We are nourished through Christ to be nourishment for others as we journey together.
Vicar Andrea Bonneville
The Eleventh Sunday after Pentecost, Lect. 19 B
Text: 1 Kings 19:4-8
Beloved in Christ, grace and peace to you in the name of the Father, and of the + Son, and of the Holy Spirit. Amen
Don’t grieve over who the Holy Spirit has created you to be.
Listening to voices that say that you are too young or too old, or don’t have enough skills or experience or training to engage in the tasks ahead. Being so overwhelmed or filled with fear and anxiety that it stuns you. Having a sense that no matter what you do, it is not going to be good enough or have a big enough impact.
Perhaps these are the voices and messages that got into Elijah’s head. The voices that drove him restlessly into the wilderness and that caused him to have no choice but to lay down and rest, suggesting that continuing the journey was going to be too much for him.
Elijah has a justifiable reason for his overwhelming exhaustion and yet it is easy to look at his situation and think that he is just being a little over dramatic.
But Elijah gets to a point in his life that resembles what we call burn out. Feeling so exhausted that he’d rather give up than continue to do what he has been called to do. It’s incredible he went a day’s journey into the wilderness to begin with.
The way I see it is that Elijah had two options. He could run away from the call the Triune God had placed on his life and go live a more comfortable life someplace else or he could run into the wilderness of the sin and suffering of the world and learn how to find rest there.
One instinct is to look at Elijah and just say, come on, get up, we have work to do. That’s what our society would tell us to do. To ignore our need to care for ourselves so we can produce more and do more.
But another instinct is to have compassion and empathy for Elijah and just say, it’s okay to rest, here have some nourishment. The angel in the story today does the opposite of what the pressures of world teach. The angel sees Elijah under the tree and tells him to eat and rest.
The need to rest and find nourishment in the midst of chaos in the middle of the wilderness is what the prophet Elijah teaches us today.
Elijah figures out how to go into the wilderness and find rest, not through what he does, but through what he finds on the journey. Not because he alone has all the strength that he needs but because he realized that he can’t go on the journey alone.
We are the people called by God to go into the wilderness to proclaim a message of hope, a message that Christ is the bread of life and light of the world. A message that we proclaim to each other and to our community. It is a lifelong task and if we don’t find places to rest and nourish ourselves on the journey, we are going to burn out.
So if today you are feeling tired, or overwhelmed, or lonely, or anxious, or afraid. Worn down from the sin and suffering of the world. There is a place for you to rest, even in the midst of chaos, even on this wilderness journey.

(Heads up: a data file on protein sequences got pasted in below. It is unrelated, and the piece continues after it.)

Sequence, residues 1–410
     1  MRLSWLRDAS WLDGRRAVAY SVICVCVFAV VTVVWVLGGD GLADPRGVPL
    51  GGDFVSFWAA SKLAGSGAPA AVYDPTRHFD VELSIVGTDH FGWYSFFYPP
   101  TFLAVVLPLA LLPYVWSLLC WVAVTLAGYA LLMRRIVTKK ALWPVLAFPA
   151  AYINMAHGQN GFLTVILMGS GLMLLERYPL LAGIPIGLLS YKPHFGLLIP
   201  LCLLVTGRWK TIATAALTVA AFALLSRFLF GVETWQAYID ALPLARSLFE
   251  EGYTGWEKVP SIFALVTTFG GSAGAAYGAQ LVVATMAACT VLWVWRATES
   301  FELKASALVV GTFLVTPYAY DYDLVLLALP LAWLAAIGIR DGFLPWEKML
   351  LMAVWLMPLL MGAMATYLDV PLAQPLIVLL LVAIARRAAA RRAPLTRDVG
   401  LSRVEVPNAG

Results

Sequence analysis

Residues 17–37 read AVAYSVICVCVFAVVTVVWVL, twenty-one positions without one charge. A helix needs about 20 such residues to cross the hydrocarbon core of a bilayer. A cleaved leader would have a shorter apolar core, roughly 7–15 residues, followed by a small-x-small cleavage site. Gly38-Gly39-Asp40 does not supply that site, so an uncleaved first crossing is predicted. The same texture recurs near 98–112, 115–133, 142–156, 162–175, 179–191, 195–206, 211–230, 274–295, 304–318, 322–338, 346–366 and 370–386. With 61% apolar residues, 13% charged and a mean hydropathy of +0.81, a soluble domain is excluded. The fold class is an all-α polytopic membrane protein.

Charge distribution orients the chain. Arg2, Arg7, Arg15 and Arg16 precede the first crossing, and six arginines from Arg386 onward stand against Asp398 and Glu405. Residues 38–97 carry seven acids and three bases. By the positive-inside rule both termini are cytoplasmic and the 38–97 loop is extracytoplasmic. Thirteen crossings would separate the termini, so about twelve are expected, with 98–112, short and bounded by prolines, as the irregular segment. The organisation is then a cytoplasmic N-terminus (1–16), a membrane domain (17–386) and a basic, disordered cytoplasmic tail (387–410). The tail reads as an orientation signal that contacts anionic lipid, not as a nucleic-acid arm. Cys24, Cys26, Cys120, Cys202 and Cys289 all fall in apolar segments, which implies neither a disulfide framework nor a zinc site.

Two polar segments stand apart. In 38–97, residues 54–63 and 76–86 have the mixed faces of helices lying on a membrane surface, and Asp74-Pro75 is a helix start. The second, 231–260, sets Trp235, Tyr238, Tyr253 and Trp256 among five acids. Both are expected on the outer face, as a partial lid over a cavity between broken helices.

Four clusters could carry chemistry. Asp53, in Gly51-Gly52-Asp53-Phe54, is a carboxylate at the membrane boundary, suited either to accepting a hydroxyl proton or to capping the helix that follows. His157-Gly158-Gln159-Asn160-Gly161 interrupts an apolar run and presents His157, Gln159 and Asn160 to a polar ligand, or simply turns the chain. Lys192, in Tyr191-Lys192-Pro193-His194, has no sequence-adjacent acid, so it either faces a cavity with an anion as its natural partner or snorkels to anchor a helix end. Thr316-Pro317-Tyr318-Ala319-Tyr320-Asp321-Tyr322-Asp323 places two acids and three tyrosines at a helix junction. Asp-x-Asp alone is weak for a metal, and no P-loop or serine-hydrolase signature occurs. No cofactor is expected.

Following God’s call will lead us to find places where we can release the burdens the world has forced us to carry. Release the anger, fear, all the things that hold us back.
We may not always know what rest will look like for us and so we are challenged to find places to rest even as the world challenges us to keep moving and to keep doing. Finding a way to even rest in the unknown of what is next.
God isn’t going to lead us to places where we are going to fail. God isn’t going to leave us alone in the wilderness. This is the purpose of the angel and the tree and it is the purpose of each of us.
To be the presence of God, filled with love, forgiveness, and passion for caring for all of God’s creation. Peeling back layers of exhaustion so that the light of Christ continues to shine from our hearts and nourishes all around us.
But we can only be nourishment if we are nourished.
Nourished by being in community with each other and seeing and being with people embodying God’s love and forgiveness.
Nourished from having a sense of routine and enjoying spiritual practices, such as meditation, music, gardening, whatever helps us to express who God calls us to be. Finding ways to use our bodies, our voices, and our minds to care for and advocate for our neighbors and all of God’s creation.
Nourished by being who the Holy Spirit has called us to be. Living out our vocations at work, or in school, or during retirement. Joyfully loving who we love. And finding meaning and happiness in all of the unique things that make each of us who we are as God’s beloved.
Nourished by believing that our worth is not assessed by our performances and our work, but solely for being who we are and trusting that we are worthy of the love and the calling the Holy Spirit has placed in our hearts and sealed on our forehead.
It is simple and profoundly complex at the same time. But the more we know and trust that we are loved and the embodiment of Christ’s love in the world. The more beauty, and life, and love, and nourishment we will give and receive.
When we continually lean into the person the Holy Spirit created us to be, we find rest and find nourishment that can only come from God who truly is our bread of life.
At the very least my hope is that this place, this community is a place where you find rest. Taking what you learn about yourself, about God, about love, grace, and justice here. Taking in the nourishment you receive from Christ’s table and finding places in which this table extends into our daily lives.
Where all can find love and forgiveness.
Where all can find rest and nourishment for the journey
Get up and eat, feast on the bread of life, otherwise the journey will be too much for you.